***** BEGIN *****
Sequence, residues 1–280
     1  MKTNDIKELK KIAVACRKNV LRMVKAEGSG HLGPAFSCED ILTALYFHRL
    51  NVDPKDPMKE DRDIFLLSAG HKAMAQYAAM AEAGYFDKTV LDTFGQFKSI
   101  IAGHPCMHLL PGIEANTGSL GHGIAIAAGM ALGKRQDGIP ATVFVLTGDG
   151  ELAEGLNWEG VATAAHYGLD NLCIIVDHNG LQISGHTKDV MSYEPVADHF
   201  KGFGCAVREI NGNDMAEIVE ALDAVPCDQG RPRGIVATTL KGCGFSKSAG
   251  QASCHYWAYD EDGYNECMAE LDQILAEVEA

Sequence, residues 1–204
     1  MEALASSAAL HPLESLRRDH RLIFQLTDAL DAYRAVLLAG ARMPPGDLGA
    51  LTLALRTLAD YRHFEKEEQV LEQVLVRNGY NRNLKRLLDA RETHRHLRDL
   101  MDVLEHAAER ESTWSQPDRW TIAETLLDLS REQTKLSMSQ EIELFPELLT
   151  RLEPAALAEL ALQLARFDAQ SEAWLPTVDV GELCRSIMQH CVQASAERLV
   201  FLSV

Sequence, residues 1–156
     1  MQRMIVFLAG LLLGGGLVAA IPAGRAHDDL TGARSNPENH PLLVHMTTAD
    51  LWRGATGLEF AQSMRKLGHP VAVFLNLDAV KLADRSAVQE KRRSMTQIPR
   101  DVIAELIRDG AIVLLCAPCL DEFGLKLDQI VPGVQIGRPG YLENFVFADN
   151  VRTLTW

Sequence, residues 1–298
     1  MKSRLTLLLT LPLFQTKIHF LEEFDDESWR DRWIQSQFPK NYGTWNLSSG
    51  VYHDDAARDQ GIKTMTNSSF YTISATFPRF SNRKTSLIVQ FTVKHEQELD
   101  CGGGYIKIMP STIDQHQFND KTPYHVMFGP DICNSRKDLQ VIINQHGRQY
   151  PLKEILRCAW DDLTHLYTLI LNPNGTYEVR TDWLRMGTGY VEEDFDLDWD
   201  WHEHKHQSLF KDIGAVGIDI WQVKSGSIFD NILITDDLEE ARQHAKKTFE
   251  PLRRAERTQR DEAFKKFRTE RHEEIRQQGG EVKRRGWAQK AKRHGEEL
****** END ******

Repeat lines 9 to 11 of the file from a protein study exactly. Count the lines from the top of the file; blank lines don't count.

     1  MEALASSAAL HPLESLRRDH RLIFQLTDAL DAYRAVLLAG ARMPPGDLGA
    51  LTLALRTLAD YRHFEKEEQV LEQVLVRNGY NRNLKRLLDA RETHRHLRDL
   101  MDVLEHAAER ESTWSQPDRW TIAETLLDLS REQTKLSMSQ EIELFPELLT